NEW YORK (TheStreet) -- How healthy is the housing market? Data on prices and sales show a pretty nice recovery, but the standout stat is foreclosures: The "foreclosure inventory" dropped by 35% in the 12 months ended in February.
That's the number of homes in the foreclosure process or likely to be because homeowners are seriously behind in their payments. Because homes in or near foreclosure typically sell at a deep discount, a large foreclosure inventory, including a "shadow inventory" of homes that could tumble onto the market, puts damper on sales, which can hurt prices. So a reduction in the number of troubled homes is a force for the good.
"The stock of seriously delinquent homes and the foreclosure rate are back to levels last seen in the final quarter of 2008," says Anand Nallathambi, president and CEO of CoreLogic, the housing-data firm. "The shadow inventory has also declined year over year for the past three years as the housing market continues to heal, including double-digit declines for the past 16 consecutive months."
Shadow inventory peaked at about 3 million homes early in 2010 and has since fallen to about 1.7 million. That's still high compared with the 600,000 to 700,000 in the years just before the financial crisis, but the drop represents a significant improvement nonetheless.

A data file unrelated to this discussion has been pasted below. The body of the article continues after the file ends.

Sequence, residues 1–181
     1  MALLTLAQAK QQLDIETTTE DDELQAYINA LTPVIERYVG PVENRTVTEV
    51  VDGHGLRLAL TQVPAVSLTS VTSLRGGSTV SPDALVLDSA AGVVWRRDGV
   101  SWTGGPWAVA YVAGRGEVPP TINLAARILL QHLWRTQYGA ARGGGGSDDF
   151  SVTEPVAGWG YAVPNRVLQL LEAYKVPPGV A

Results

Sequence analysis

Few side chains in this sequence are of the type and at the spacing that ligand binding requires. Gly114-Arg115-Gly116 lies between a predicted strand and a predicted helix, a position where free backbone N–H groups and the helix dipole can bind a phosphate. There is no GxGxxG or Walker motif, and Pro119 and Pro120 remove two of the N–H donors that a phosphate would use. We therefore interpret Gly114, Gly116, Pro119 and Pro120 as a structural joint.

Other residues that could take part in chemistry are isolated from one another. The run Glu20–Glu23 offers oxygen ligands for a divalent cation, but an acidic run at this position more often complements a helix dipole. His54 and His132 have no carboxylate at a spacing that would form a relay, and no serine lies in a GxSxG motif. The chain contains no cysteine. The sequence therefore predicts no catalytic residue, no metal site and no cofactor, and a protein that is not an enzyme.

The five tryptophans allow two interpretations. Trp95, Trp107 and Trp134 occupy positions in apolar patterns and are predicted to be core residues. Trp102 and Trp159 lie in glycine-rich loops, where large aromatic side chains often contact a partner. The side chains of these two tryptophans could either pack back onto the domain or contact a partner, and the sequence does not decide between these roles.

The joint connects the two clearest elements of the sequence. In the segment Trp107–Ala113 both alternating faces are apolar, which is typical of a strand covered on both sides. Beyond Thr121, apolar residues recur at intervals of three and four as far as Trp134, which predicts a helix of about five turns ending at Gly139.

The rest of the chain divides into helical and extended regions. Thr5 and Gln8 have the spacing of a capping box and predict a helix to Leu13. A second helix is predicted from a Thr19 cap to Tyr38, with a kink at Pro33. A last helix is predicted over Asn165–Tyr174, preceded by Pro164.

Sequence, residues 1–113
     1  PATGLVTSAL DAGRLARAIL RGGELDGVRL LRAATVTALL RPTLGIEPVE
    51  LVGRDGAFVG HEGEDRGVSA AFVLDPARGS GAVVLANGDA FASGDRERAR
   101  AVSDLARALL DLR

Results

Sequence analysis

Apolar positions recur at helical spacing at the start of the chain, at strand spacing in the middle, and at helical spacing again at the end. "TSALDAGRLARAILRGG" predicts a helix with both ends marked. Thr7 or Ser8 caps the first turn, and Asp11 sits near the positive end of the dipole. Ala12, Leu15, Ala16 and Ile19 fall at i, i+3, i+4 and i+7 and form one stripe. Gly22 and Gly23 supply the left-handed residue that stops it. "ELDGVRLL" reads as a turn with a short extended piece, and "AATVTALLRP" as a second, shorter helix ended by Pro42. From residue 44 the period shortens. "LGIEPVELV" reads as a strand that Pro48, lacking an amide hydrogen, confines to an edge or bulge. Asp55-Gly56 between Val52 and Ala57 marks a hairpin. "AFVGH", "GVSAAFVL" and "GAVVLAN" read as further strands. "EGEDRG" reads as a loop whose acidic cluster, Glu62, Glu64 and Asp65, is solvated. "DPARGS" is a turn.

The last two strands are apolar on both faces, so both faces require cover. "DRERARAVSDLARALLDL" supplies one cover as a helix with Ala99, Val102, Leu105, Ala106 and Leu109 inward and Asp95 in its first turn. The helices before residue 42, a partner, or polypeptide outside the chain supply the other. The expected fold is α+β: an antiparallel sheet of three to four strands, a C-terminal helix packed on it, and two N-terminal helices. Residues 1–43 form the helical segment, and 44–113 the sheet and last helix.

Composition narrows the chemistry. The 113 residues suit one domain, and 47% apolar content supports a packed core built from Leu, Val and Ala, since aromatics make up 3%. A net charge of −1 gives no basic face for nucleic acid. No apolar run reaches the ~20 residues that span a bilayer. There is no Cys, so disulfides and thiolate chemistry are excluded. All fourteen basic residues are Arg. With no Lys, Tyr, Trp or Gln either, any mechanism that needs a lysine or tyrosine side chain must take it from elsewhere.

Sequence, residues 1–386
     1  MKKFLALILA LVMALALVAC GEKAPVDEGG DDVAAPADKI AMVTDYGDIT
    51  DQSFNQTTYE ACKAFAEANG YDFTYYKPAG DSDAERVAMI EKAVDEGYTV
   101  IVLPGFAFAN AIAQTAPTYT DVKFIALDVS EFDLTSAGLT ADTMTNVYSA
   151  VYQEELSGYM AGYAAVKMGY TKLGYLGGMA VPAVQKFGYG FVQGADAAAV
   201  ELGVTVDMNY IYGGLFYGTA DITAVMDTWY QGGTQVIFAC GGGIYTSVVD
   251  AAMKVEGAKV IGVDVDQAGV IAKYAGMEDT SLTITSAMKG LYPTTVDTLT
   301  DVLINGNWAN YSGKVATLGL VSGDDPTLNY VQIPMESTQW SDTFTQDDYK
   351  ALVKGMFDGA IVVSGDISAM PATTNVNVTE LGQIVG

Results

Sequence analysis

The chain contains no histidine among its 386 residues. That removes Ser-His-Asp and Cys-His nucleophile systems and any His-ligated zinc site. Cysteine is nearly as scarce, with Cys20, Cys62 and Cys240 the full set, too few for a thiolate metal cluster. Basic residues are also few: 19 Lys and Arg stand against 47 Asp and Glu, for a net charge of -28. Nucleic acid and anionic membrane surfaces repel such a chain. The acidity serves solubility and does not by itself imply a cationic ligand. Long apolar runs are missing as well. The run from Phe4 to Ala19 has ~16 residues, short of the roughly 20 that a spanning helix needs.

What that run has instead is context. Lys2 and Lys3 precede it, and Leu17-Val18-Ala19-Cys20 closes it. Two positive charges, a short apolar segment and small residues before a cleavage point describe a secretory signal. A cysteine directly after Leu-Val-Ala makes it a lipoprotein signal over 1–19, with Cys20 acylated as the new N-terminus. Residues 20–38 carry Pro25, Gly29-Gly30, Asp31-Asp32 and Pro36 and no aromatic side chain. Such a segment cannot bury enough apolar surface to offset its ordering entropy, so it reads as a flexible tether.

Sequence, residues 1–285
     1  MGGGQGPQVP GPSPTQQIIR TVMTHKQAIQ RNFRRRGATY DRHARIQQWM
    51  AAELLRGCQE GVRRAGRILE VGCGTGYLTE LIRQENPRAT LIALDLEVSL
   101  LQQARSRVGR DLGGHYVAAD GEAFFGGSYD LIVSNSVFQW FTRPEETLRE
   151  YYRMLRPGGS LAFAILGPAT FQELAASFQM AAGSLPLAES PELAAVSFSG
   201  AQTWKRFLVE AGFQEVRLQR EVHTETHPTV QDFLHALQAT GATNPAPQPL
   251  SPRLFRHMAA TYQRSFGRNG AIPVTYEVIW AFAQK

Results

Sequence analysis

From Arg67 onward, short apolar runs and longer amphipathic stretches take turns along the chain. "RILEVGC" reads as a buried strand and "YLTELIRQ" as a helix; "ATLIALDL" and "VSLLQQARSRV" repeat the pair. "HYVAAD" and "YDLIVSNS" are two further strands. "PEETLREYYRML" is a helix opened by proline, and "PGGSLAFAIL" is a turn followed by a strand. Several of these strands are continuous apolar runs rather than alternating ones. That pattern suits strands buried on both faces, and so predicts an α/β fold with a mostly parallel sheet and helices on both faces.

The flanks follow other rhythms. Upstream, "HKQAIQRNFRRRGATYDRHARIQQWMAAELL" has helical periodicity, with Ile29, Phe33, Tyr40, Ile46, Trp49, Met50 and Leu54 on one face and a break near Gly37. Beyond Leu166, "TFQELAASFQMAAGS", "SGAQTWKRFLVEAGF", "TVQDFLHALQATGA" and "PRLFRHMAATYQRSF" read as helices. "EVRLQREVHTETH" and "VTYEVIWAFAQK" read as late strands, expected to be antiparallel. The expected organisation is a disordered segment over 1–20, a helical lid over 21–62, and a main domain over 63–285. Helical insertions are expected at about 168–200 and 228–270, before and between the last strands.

Homeowners in trouble are like a slow-moving train wreck as they fall behind, get warning notices and enter what is often a sluggish foreclosure process. So it's not surprising the shadow inventory is still higher than before the crisis. But the decline means fewer and fewer homeowners are getting into trouble.
Corelogic says 43,000 foreclosures were completed in February, compared with 51,000 in February 2013.
"Although there is good news that completed foreclosures are trending lower, the bigger news is the impressive decline in the foreclosure and shadow inventories," said Mark Fleming, chief economist for CoreLogic. "Every state has had double-digit, year-over-year declines in foreclosure inventory, which is reflected in the $70 billion decline in the shadow inventory."
Of course, the picture varies around the country. Just five states -- Florida, Michigan, Texas, California and Georgia -- account for nearly half the foreclosures completed in the 12 months ended with February.
New Jersey, Florida, New York, Maine and Connecticut were the five with the highest percentage of mortgaged homes in the foreclosure inventory. The five with the lowest were Wyoming, Alaska, North Dakota, Nebraska and Colorado.